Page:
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Why Rising Rates Won't Kill This Bull Market

By Dr. Steve Sjuggerud
Tuesday, March 10, 2015

Interest rates are expected to go up later this year – for the first time since 2006!
This is striking fear into the hearts of investors.
(Specifically, the Federal Reserve is widely expected to raise short-term interest rates – something it hasn't done since June of 2006.)
Most investors think that, when the Fed raises interest rates, asset prices (like stocks and real estate) have to fall.
It is true that the Fed will raise short-term interest rates at some point – possibly later this year.
However, this does not mean that stock prices have to fall...
You see, the Fed controls short-term interest rates. But it doesn't control long-term interest rates – those are set by the financial markets.
The conventional wisdom is that – if the Fed raises short-term interest rates, then long-term interest rates would follow them higher. You can see the logic... but it doesn't have to happen.
Just because the Fed raises short-term interest rates, it doesn't mean that long-term interest rates have to go up.
For example, the last time the Federal Reserve raised short-term interest rates, long-term interest rates stayed roughly the same, between 4% and 5%. Take a look:

The Fed dramatically raised short-term interest rates – from 1% to more than 5%. Meanwhile, long-term interest rates stayed roughly the same. (Mortgage rates stayed the same for those years as well, hovering around 6%.)
Could something similar happen again this time around? Absolutely.
And here's another important point...
During the last time the Fed was raising interest rates in a major way (2003 to 2007), stock prices actually went up! The S&P 500 went from a value of 1,100 to 1,500-plus.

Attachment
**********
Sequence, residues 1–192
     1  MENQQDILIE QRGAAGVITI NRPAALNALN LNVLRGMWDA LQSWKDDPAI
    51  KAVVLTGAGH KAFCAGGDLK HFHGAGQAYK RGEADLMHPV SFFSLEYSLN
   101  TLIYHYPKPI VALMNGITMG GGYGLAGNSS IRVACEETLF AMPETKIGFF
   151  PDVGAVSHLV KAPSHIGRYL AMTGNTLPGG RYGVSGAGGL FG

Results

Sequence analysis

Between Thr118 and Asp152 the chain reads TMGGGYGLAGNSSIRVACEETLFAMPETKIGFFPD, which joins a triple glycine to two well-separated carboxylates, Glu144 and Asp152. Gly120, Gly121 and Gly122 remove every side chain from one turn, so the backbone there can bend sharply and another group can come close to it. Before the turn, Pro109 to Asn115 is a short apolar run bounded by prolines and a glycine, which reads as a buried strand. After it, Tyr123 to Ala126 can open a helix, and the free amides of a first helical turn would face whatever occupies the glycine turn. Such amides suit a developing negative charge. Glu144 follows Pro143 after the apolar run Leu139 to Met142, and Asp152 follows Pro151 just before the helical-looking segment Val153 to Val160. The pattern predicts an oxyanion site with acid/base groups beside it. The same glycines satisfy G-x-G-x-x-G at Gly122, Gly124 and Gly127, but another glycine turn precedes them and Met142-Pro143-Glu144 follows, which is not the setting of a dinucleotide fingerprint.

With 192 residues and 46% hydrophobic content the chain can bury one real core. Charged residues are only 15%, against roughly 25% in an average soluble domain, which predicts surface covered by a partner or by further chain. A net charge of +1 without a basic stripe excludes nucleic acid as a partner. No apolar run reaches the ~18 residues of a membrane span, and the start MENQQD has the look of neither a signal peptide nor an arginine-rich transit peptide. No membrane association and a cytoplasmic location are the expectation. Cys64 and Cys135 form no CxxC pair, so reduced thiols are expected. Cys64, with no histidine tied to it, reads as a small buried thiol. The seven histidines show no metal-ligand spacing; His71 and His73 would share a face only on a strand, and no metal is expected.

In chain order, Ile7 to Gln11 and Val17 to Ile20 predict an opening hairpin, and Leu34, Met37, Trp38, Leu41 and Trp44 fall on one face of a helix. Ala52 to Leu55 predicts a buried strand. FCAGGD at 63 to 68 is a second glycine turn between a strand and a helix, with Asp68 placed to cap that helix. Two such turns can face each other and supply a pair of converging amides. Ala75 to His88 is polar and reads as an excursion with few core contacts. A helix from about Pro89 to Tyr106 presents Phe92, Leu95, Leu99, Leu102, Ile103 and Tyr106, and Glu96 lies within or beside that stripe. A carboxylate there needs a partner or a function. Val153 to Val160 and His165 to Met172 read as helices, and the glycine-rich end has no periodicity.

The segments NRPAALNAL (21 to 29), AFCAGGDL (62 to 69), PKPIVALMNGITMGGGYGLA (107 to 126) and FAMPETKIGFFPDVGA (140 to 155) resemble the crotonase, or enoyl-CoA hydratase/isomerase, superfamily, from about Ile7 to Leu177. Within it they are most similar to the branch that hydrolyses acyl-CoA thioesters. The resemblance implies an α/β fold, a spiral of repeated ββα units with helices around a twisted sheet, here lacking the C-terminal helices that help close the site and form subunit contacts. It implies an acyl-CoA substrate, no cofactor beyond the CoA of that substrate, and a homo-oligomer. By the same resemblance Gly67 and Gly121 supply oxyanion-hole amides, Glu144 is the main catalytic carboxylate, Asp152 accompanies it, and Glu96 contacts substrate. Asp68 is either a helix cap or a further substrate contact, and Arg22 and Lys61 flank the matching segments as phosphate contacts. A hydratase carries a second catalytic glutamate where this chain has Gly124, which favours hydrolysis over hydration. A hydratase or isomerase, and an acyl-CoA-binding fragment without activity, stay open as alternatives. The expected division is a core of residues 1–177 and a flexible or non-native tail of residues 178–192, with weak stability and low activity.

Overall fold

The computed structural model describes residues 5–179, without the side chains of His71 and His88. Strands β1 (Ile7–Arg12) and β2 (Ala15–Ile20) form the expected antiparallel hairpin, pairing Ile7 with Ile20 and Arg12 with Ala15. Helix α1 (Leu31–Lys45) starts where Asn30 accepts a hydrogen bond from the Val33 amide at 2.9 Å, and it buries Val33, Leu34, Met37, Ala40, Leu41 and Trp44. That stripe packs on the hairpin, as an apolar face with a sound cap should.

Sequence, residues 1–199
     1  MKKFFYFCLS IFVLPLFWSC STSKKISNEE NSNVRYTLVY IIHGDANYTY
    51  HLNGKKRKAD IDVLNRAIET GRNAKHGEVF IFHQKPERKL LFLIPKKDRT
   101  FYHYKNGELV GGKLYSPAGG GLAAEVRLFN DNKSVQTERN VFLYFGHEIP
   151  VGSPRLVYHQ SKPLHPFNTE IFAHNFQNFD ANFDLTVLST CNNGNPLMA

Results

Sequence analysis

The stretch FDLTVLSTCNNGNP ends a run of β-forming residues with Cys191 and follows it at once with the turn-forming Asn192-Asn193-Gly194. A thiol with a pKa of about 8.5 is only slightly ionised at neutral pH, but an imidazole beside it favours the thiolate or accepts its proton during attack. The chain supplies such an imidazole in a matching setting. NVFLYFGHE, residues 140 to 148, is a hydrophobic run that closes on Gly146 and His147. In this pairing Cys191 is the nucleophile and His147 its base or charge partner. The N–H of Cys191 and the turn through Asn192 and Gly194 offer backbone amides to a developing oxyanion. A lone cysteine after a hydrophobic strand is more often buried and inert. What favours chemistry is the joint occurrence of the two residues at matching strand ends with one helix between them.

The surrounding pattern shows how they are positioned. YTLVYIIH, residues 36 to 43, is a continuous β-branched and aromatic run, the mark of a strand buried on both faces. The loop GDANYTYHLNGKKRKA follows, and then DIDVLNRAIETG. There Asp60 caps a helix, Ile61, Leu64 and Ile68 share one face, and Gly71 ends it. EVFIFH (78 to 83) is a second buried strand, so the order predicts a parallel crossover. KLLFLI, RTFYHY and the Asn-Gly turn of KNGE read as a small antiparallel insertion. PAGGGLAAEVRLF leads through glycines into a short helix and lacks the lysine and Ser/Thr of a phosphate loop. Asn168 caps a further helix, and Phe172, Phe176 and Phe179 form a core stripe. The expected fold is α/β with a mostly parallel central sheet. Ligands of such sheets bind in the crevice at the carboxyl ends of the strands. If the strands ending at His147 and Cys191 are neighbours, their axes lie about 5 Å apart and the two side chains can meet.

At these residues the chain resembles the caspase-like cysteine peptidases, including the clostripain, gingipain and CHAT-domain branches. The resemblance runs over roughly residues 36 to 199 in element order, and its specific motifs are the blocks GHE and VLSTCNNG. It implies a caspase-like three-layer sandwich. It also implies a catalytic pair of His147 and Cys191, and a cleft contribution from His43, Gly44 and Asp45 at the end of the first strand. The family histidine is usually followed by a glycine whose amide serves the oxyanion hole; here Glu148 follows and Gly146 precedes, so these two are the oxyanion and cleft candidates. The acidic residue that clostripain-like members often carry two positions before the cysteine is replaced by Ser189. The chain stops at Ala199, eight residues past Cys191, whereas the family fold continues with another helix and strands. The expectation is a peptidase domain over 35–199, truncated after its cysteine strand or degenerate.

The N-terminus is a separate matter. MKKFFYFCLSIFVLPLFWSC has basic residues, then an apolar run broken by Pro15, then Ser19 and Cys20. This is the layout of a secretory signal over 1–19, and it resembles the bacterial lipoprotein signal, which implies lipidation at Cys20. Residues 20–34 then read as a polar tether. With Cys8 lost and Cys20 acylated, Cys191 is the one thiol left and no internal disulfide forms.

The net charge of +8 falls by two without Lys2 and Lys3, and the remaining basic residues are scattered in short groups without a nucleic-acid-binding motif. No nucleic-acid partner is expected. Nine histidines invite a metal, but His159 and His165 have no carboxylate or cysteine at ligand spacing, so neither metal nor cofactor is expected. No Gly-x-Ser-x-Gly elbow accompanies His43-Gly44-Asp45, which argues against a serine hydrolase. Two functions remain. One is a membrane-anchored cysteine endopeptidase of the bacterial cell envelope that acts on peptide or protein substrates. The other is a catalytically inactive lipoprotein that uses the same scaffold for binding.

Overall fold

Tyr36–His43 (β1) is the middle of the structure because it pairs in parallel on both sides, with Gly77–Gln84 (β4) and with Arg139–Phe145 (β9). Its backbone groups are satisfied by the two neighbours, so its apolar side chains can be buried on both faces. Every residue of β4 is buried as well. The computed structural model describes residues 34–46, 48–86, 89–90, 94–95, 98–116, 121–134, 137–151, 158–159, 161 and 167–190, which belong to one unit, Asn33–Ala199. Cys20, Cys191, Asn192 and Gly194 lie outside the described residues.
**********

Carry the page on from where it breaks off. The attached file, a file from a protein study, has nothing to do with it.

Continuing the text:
Stocks didn't start to fall until the Fed CUT interest rates in late 2007.
So I have two important messages for you today...
The last time the Fed dramatically raised short-term interest rates, long-term interest rates (like mortgage rates) barely budged.
The last time the Fed dramatically raised short-term interest rates, stock prices actually went up.
Just this week, long-term interest rates in Germany fell to NEGATIVE interest rates. (That was on government bonds maturing in 2021.) Our reality today is that we live in a low-interest-rate world.
I can't guarantee it, of course. But I think there's a strong likelihood that long-term interest rates won't go up much at all when the Fed finally raises interest rates.
This is why stocks (and real estate) can still soar higher.
In today's low-interest-rate world, even if the Fed raises short-term interest rates, there will still be no alternative for savers and investors... They'll have to put their money into stocks.
So let the talking heads on TV worry about the effects of a rate hike by the Federal Reserve. But don't you worry about it. It won't end this bull market...
Good investing,

Further Reading:

Steve thinks rates will remain lower than most people think. And the "King of Bonds," Jeff Gundlach, agrees. "Most Americans think interest rates in America have to go up to go back to 'normal,'" he writes. "But we are not in 'normal' times." Get the full story right here.
Yesterday, Steve shared how readers can learn from his latest mistake. "Seriously, you win some and you lose some," he writes. "It's how you handle the 'lose some' part that really matters." Find out Steve's latest lesson here.

Market Notes


Low oil prices are making life tough for oil producers. But they're great for companies that use lots of oil. For proof, we look at DuPont's earnings and share-price action...
DuPont is one of the world's largest chemical makers. Its chemicals and materials are used in the production of all sorts of things. For example, DuPont makes the "non-stick" Teflon coating on pots and pans, the Kevlar used in bulletproof vests, and the Tyvek weather barriers used on construction sites. Petroleum is a major component of many of its products.
In January, the company announced its earnings in the fourth quarter rose 20% over the prior year. And rising profits have translated into a rising share price...
Since oil began its tumble last summer, DuPont shares are up more than 20%... and just hit a new all-time high last week. For businesses that use lots of oil (like DuPont), cheap oil is a blessing.

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